10:56 p.m. September 22, 2022: An earlier version of this story reported that a federal grand jury indicted James “Tim” Norman on various charges last Friday. The court convicted him of these charges. After a decade in The Grove, Sweetie Pie’s has closed its location at 4270 Manchester, it has been confirmed. The Grand Center location, called The Upper Crest, will remain open. The storefront at The Grove isn’t likely to stay empty for long. While no new tenant has been announced, it is understood that negotiations with a new tenant are nearing completion.
Sweetie Pie rose to fame with the reality television series Welcome to Sweetie Pies on Oprah Winfrey’s OWN television network. The show enjoyed a successful run of six seasons, airing a total of 76 episodes and specials. Popular before the series, the show built on the success of Sweetie Pie, bringing tour buses and long queues to The Grove, where many episodes have been filmed.
Tim Norman Found Guilty In Sweetie Pie’s Murder For Hire Trial
Over the years, a Sweetie Pie location in Manchester had apparently closed for long periods of time without warning, leading to speculation that the restaurant had closed. Each time, customers were surprised by closed doors, unanswered questions, and then the restaurant reopened.
Sweetie Pie’s was founded by Robbie Montgomery and his son Tim Norman in 1996 in the northern suburbs of St. Louis of Dellwood. The location at The Grove opened in 2006. The success of both locations led Montgomery to open a restaurant, banquet hall and cooking school in 2012 in the city’s Grand Center Arts District.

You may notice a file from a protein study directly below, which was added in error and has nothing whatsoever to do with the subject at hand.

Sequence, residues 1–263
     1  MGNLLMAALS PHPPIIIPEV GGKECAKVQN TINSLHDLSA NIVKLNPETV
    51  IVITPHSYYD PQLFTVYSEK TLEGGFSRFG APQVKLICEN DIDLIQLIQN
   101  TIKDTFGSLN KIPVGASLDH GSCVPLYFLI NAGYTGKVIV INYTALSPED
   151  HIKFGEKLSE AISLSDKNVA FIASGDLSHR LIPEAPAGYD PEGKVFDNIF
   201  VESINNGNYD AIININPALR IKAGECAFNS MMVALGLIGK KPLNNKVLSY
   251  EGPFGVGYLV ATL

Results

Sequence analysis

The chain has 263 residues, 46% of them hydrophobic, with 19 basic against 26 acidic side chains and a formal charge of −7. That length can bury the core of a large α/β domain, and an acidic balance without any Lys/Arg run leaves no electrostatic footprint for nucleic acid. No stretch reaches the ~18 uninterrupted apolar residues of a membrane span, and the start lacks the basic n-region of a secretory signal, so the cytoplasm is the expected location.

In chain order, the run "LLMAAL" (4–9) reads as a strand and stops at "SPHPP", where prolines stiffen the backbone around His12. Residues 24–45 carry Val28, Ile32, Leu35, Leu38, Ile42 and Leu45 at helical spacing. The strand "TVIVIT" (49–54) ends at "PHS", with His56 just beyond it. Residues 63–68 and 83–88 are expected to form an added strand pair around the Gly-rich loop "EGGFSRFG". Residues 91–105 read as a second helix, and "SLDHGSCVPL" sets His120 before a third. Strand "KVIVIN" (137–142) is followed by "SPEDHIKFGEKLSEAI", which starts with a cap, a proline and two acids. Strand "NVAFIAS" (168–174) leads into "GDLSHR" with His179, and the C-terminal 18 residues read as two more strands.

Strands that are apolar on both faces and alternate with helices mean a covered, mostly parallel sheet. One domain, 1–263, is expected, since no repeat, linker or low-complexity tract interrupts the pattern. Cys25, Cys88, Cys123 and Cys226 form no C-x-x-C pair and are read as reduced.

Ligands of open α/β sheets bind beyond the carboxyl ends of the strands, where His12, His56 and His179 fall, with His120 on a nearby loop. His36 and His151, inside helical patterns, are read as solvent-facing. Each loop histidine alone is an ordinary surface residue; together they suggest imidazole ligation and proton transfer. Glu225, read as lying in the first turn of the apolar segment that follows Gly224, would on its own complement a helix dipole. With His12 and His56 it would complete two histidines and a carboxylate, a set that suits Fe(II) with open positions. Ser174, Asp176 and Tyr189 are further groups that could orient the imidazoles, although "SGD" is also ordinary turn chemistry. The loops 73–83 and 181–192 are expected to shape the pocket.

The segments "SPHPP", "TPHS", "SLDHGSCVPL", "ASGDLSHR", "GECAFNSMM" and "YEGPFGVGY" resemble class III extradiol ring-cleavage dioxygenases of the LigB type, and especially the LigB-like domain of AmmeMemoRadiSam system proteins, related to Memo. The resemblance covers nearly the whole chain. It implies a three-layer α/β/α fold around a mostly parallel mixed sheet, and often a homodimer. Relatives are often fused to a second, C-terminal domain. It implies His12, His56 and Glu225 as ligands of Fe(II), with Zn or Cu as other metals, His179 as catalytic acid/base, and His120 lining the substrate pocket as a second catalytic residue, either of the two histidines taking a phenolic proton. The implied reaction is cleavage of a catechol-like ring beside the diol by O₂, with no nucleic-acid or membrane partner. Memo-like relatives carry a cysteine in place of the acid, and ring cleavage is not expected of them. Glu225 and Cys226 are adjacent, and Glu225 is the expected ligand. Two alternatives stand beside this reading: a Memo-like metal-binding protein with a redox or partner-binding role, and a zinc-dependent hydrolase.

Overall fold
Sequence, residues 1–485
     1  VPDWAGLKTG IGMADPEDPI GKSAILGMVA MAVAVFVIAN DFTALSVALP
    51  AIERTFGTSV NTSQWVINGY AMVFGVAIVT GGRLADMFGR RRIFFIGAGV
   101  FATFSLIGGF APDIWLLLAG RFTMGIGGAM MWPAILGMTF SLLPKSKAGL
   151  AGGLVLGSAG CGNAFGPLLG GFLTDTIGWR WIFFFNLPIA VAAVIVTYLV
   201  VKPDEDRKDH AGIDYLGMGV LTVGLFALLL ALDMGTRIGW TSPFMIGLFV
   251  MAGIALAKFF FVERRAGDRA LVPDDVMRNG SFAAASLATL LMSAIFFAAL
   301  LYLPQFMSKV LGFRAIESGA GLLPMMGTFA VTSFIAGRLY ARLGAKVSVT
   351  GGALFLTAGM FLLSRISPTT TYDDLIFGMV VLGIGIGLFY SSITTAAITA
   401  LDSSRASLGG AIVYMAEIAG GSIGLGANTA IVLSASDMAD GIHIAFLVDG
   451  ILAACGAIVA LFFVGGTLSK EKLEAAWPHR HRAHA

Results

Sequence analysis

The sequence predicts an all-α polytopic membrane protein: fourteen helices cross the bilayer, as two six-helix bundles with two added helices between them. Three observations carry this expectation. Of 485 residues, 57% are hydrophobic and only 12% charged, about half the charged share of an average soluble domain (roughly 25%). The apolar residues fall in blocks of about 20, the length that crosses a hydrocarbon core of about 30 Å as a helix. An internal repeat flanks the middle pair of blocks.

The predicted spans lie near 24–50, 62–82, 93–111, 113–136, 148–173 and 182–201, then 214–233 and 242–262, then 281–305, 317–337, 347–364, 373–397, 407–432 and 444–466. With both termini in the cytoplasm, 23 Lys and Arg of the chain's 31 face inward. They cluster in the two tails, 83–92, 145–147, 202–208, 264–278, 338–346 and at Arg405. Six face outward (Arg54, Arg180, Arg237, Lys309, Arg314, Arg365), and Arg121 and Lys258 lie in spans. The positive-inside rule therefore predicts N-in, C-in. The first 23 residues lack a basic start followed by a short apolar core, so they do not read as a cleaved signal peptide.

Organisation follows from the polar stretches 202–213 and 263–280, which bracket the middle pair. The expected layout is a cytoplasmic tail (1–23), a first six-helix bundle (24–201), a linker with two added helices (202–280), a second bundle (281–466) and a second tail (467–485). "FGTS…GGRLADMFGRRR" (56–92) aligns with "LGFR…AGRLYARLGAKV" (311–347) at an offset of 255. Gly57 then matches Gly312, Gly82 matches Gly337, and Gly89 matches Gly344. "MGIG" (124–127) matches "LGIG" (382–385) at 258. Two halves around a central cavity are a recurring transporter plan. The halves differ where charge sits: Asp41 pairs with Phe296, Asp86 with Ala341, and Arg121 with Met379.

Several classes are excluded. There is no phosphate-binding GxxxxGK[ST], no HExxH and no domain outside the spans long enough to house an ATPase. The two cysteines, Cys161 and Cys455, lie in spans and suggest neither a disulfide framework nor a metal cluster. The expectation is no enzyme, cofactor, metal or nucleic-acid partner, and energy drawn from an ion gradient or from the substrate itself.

The site has appeared in jeopardy for years, as the nearby John Cochrane Veterans Administration Medical Center eyed a parking expansion. “One of the things we’re struggling with is whether we’re going to be able to take over the restaurant because of the veterans hospital. If they put me somewhere else,” Montgomery told St. Louis American in 2013. ready to go, so I’m ready to be a good citizen and go ahead and make room if that happens.” The VA also looked at the adjacent historic Palladium building. It appears that expansion plans have stalled.
A deal struck in 2014 to expand the Sweetie Pie franchise to other cities never materialized. We reported that the restaurant was close to closing a deal with Matthew Knowles, father of international recording superstar and actor Beyonce. The first location outside of St. Louis was in Houston. The eventual failure of these plans, as well as plans to open a location in Memphis, were covered on the telecast.
Sweetie Pie’s Closes Popular Location In The Grove
Most recently, Montgomery’s son TJ opened Sweetie Pie’s NoHo in North Hollywood, California last year. The opening sparked a lawsuit with his mother over trademark issues. In November of last year, the tiny borough of Berkeley in St. Louis County approved a permit for TJ Sweetie Pie’s to operate in the former Del Taco. The location reportedly opened in the past few weeks.